In September 1942, after several times rejecting proposals to use qualified women pilots for flying duties, Army Air Forces Commanding General Henry H. Arnold agreed to form two groups designed to help meet the need for pilots to ferry aircraft. The Women’s Auxiliary Ferrying Squadron (WAFS), led by Nancy Harkness Love, enlisted already-qualified women pilots to transport training aircraft from factories to training bases. Meanwhile, the Women’s Flying Training Detachment (WFTD), led by Jackie Cochran, oversaw an intensive training program to increase the number of women who could fly for the Ferrying Division. On 5 July 1943, Arnold put Cochran in charge of all women pilots, with Nancy Love as the Executive for women pilots in the Ferrying Command. A month later, on 5 August 1943, the WAFS and WFTD merged into a single unit for all women pilots, who were rapidly extending their qualifications to every type of aircraft in service. The new unified group called itself the Women’s Airforce Service Pilots (WASP), with its pilots known as WASP.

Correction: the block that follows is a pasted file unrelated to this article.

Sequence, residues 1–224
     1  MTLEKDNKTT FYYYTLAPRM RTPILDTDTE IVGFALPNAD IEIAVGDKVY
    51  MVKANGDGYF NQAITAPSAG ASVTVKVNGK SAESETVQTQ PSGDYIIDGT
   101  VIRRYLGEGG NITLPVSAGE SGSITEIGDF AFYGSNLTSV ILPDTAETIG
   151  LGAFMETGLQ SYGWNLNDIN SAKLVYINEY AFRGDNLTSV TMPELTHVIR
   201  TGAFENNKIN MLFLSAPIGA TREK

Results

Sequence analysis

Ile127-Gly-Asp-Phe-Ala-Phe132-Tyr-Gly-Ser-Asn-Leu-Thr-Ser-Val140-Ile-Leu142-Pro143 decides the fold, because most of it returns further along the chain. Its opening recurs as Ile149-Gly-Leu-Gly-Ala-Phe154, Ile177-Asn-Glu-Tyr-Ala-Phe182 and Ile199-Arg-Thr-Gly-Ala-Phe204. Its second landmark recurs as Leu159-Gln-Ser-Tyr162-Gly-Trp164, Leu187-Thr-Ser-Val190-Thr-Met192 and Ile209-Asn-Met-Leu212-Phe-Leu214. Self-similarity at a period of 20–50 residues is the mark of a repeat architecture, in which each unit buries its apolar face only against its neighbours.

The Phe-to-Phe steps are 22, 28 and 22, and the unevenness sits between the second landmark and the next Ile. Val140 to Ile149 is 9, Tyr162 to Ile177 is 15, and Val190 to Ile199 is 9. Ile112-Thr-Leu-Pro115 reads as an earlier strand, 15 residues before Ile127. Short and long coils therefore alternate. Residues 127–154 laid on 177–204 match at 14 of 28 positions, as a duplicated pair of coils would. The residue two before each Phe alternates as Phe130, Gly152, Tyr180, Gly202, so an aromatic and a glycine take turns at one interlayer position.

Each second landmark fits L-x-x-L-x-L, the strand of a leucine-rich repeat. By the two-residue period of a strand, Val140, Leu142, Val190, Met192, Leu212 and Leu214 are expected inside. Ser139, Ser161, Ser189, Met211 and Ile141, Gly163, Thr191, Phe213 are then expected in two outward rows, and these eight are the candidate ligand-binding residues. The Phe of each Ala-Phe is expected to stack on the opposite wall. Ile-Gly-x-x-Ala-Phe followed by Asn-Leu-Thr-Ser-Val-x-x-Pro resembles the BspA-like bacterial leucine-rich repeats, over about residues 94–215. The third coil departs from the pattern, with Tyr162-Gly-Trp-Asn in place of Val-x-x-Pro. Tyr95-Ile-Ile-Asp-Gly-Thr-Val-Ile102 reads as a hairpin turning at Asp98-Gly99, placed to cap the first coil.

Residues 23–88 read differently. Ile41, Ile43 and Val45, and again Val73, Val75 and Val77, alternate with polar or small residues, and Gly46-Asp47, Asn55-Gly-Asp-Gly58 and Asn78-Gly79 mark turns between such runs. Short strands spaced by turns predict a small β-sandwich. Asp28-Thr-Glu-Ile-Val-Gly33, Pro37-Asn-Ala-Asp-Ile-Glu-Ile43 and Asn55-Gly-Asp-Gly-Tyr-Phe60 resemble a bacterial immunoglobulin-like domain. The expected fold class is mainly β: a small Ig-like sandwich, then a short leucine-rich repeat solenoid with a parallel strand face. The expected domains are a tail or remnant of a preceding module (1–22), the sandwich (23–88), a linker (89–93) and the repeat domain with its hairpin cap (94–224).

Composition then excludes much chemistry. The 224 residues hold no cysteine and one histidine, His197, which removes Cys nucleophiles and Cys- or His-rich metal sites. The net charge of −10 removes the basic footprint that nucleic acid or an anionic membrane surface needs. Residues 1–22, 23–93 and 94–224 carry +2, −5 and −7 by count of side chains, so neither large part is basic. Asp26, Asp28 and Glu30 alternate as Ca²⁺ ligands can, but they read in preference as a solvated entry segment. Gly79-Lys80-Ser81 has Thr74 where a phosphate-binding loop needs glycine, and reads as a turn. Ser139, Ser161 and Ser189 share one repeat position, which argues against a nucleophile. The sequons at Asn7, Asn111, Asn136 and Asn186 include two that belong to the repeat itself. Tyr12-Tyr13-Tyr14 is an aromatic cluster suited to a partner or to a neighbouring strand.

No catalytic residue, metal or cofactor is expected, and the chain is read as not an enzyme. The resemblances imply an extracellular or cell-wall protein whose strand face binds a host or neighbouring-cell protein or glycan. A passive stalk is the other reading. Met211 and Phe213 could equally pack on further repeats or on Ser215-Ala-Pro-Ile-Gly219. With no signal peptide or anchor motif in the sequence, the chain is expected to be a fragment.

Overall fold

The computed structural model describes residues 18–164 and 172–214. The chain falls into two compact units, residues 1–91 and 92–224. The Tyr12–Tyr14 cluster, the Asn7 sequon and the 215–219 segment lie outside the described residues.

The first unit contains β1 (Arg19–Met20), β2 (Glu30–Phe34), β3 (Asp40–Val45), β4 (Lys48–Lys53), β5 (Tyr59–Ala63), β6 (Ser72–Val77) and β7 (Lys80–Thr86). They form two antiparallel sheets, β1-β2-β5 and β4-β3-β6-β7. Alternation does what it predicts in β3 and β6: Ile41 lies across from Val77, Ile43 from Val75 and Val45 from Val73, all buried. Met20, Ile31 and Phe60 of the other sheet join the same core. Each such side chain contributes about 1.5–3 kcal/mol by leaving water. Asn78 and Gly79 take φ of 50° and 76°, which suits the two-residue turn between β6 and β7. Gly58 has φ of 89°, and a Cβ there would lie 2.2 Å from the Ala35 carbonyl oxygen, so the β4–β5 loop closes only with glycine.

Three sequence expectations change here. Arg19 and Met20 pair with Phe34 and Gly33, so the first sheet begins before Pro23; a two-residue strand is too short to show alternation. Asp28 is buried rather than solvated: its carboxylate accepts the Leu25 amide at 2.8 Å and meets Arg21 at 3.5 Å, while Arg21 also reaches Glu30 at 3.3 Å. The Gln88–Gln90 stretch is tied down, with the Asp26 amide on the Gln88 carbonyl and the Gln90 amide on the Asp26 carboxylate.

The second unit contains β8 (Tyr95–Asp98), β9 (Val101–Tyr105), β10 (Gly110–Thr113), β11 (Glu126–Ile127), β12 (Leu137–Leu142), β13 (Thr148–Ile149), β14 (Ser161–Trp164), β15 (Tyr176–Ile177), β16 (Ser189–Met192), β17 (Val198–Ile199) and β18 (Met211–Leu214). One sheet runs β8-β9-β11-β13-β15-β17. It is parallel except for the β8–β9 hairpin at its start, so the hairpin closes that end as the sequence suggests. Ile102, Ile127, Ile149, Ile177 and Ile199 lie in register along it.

In its first few weeks, the WFTD required women pilots to have a private pilot license and 200 hours of flight time, and would then train them to fly “the Army way.” But it soon began accepting women without any prior flying experience. The flight school at Avenger Field, in Sweetwater, Texas, ran most flight training for women pilots, who at first trained only on lighter or smaller planes. Eventually, however, women proved that they could fly almost every type of aircraft in the US military arsenal at the time, including the heaviest bombers and fastest fighters. Their pilot training therefore became the same as their male counterparts. The only aspect women’s training did not cover remained combat acrobatics, since the Army Air Corps had from the start intended to use women pilots to free up male pilots for combat roles.
The WASP pilot training program graduated 1,074 graduates, who, combined with Nancy Love’s “Originals,” ferried over 50% of the combat aircraft within the United States during the war years. WASPs flew at 126 bases across the US, where they also towed targets for gunnery training and served as instrument instructors for the Eastern Flying Training Command. Thirty-eight of these women died in their service, 11 in training and 27 during missions.
Dr. Andrew T. Wackerfuss, Historian, AFHSO.